Part of her disease is that she can no longer produce the powder that cleans her feathers
A month or so ago Steve found a Sulphur Crested Cockatoo that had been attacked by a dog, we tried to nurse it back to health, but he unfortunately didn't make it.
But Steve though having our own cockatoo would be an awesome idea.
So we bought our newest member of the farm, a four month old Cocky. With out a DNA test, it is impossible to determine the sex of a Cockatoo. So our little Princess started her life as Buddy until we got the test back.
Unfortunately when we had the test performed, we also had her checked for Beak and Feather, which came back positive. To make a long story short, she has the bird equivalent to AIDS, she can't pass it to us or our other animals, but she will pass it to other parrots that she comes in contact with. She wont pass away from B and F but complications from it, much the same as a person with AIDS.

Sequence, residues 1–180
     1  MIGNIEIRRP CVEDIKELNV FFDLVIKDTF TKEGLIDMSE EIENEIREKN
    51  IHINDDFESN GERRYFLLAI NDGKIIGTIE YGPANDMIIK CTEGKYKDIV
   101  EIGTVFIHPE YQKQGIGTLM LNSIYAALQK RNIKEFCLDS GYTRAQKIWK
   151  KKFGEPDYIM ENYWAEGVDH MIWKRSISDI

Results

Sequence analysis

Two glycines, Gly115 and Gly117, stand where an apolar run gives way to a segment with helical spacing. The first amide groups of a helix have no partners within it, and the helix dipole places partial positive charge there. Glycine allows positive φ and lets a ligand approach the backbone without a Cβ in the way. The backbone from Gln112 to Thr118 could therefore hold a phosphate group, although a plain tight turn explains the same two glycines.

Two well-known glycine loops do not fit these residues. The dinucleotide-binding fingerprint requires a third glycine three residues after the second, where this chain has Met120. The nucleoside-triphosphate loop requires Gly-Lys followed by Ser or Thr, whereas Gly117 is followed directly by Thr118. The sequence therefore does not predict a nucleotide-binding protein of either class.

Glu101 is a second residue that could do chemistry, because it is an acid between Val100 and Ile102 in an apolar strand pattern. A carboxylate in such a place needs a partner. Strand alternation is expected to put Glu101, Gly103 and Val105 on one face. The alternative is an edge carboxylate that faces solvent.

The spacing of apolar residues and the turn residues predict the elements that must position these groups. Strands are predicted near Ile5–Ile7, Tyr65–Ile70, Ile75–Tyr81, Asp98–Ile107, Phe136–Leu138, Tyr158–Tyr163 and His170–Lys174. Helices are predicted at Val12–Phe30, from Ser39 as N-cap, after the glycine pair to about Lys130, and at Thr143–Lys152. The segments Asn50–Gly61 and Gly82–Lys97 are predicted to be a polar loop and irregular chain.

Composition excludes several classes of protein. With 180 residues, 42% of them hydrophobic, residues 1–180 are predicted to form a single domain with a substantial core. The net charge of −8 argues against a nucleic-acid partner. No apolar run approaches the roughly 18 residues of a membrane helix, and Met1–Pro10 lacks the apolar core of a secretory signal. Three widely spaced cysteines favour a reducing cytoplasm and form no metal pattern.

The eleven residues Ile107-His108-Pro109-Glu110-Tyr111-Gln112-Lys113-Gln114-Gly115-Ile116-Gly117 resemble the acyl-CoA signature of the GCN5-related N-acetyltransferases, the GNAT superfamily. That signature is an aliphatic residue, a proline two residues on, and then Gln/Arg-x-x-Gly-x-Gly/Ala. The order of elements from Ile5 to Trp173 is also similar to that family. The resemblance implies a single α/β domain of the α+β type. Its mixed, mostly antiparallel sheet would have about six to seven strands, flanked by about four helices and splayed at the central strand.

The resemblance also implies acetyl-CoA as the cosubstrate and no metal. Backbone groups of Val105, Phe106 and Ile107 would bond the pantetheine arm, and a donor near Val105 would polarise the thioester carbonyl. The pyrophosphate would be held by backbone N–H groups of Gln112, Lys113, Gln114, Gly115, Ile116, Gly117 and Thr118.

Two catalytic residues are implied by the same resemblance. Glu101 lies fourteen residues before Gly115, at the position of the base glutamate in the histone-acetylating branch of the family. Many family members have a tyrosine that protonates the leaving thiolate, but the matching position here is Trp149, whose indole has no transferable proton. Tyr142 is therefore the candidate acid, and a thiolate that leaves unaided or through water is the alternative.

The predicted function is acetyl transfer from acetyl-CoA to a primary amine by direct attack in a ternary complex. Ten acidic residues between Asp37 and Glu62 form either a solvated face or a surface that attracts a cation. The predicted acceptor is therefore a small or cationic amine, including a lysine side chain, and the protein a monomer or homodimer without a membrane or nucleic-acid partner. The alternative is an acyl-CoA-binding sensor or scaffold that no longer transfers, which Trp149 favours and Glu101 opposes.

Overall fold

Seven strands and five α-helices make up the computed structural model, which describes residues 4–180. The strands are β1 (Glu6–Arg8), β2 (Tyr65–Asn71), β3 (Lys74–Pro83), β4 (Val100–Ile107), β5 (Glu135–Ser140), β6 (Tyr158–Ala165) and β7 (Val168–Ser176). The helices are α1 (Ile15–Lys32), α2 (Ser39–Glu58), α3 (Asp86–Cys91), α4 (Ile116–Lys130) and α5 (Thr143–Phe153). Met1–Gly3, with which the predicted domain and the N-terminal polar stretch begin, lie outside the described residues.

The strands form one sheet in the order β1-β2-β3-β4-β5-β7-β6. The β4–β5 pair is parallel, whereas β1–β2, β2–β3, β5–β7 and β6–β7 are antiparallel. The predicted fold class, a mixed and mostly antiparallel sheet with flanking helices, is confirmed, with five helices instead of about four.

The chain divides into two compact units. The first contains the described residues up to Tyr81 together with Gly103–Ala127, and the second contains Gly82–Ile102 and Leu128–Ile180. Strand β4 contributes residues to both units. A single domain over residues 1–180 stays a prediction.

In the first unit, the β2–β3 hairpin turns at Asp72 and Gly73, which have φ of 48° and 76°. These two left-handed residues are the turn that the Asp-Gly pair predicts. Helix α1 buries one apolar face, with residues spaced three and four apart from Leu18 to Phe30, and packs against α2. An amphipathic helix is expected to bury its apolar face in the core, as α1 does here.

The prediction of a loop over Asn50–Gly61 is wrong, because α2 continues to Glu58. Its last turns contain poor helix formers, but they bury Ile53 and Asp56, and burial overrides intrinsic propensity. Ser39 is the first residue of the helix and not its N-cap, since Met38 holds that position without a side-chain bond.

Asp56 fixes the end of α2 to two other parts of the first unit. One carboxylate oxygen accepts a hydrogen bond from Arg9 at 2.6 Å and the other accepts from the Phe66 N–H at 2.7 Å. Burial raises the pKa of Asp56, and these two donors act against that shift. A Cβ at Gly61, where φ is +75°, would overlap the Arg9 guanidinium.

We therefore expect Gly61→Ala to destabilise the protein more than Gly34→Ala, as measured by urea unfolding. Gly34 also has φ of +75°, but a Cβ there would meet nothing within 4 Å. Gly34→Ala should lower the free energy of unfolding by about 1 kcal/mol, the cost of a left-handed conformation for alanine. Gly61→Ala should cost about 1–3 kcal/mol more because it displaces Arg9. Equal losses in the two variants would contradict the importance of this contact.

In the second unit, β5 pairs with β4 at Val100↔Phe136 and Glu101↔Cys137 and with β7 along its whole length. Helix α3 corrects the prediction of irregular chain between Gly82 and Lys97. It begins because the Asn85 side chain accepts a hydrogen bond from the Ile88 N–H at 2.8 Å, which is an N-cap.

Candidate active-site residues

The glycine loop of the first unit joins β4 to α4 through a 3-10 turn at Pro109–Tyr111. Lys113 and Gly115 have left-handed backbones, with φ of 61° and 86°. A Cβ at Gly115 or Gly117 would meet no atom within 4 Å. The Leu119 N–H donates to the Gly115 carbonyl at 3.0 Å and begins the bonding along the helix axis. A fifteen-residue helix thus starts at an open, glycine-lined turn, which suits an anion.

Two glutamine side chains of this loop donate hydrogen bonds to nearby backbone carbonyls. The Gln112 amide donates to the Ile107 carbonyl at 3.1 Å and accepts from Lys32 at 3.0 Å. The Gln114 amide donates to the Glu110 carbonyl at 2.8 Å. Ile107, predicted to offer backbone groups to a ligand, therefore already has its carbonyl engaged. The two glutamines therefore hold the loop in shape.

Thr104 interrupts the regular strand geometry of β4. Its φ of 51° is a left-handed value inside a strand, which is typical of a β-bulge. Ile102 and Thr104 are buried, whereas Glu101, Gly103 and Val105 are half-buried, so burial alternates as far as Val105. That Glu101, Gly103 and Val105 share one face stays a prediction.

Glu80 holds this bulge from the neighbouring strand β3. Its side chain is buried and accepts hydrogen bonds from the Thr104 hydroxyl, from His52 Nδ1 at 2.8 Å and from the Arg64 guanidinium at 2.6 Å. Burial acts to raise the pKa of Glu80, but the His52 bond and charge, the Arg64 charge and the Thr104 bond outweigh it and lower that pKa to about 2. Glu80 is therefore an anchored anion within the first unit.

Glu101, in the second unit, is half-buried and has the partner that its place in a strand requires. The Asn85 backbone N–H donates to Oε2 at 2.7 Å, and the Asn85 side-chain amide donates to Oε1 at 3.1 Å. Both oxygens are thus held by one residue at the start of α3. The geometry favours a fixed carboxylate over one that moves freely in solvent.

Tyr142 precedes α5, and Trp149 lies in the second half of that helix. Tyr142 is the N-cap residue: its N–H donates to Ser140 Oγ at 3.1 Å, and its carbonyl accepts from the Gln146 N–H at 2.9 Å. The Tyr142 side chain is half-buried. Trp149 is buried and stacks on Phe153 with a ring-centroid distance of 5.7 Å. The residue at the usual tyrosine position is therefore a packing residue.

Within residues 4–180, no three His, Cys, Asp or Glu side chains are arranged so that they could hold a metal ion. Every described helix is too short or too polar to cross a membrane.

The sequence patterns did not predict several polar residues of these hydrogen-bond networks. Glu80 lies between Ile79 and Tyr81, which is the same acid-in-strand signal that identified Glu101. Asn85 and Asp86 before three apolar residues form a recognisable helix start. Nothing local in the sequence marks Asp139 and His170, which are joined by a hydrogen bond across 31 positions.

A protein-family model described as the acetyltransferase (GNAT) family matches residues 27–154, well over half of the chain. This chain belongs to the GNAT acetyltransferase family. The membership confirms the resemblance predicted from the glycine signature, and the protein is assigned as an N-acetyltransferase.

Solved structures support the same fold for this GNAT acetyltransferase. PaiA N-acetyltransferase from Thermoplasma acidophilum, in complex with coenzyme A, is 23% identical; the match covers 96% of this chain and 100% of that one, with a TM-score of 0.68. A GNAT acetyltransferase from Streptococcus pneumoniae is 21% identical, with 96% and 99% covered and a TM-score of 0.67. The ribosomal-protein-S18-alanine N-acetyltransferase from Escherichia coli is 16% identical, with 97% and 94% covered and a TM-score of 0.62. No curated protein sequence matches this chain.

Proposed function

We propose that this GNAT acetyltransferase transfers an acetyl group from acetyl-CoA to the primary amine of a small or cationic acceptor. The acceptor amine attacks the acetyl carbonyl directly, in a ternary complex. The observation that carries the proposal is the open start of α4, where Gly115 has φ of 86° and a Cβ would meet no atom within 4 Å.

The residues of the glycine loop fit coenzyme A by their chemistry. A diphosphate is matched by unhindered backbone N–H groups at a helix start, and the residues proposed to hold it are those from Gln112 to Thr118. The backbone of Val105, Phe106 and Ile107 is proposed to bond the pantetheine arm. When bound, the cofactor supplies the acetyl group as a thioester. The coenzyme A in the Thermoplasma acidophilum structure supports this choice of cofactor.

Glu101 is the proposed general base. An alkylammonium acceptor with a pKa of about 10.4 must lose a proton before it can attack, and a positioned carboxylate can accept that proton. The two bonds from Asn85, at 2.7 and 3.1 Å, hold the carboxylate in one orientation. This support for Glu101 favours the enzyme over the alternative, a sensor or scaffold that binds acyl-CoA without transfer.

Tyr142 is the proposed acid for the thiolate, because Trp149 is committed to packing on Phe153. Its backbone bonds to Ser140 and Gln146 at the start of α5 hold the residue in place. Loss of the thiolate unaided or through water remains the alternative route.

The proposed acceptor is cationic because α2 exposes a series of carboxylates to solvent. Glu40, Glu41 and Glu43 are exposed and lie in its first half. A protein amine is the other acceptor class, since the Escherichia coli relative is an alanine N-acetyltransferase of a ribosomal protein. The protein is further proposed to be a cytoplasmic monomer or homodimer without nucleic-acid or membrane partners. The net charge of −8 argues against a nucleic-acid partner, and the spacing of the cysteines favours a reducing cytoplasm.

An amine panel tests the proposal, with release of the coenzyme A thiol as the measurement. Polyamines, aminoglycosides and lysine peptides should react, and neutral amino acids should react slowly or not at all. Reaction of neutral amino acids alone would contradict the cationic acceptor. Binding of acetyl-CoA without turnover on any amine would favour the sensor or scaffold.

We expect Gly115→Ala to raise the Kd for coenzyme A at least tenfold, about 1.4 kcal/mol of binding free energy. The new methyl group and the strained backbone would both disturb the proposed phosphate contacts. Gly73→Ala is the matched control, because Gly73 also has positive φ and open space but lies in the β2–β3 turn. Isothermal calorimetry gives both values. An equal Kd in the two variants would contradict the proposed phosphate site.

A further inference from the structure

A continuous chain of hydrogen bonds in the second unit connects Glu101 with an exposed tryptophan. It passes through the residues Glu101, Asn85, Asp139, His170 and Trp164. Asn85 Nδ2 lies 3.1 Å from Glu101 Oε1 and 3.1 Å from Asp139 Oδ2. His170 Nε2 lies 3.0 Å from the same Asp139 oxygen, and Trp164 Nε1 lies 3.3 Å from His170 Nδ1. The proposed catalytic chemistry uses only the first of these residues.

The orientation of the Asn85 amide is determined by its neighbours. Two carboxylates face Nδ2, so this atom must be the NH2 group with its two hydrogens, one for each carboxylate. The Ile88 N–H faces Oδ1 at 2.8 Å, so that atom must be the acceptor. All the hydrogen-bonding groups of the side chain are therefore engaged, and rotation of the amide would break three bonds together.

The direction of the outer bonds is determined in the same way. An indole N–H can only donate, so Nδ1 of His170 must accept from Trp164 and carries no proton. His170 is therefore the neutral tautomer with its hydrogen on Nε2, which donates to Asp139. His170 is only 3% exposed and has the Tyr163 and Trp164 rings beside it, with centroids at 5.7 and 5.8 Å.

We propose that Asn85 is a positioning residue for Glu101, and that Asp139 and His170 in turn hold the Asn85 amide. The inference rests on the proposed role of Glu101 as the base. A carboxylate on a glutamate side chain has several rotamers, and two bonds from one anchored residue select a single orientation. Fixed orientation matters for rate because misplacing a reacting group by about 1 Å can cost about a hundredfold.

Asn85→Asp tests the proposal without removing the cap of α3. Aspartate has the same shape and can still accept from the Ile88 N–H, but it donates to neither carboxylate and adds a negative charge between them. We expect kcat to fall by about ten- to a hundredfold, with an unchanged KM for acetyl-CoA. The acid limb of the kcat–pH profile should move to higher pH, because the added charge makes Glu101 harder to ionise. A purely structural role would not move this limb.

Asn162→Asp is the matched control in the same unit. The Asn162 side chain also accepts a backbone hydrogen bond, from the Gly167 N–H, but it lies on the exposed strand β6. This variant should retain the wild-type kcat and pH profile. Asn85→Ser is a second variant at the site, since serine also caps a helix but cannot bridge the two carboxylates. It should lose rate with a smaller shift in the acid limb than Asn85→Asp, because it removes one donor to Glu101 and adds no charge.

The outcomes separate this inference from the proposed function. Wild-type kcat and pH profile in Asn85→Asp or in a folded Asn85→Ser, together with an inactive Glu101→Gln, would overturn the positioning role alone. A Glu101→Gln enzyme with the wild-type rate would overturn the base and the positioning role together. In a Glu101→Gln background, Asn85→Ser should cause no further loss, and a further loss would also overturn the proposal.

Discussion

We had expected Princess would out live us, unfortunately it wont be the case, she could have days, weeks, months or even years, it's all a waiting game.
I feel so sorry for her, she's a happy girl, full of character and very very smart, but in a way I'm thankful that we saved her from dying in a cage with other infected birds. Now she knows she's loved, she interacts with us and our other pets, she can fly, she can live out the rest of her short life in happiness.